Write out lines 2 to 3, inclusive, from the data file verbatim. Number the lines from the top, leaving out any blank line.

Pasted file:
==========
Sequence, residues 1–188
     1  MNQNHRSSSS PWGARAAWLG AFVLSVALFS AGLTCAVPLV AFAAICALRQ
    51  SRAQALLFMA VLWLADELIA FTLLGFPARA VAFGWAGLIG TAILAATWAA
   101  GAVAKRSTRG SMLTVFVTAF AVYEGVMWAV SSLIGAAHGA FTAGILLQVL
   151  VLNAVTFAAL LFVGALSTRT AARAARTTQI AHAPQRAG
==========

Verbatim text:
     1  MNQNHRSSSS PWGARAAWLG AFVLSVALFS AGLTCAVPLV AFAAICALRQ
    51  SRAQALLFMA VLWLADELIA FTLLGFPARA VAFGWAGLIG TAILAATWAA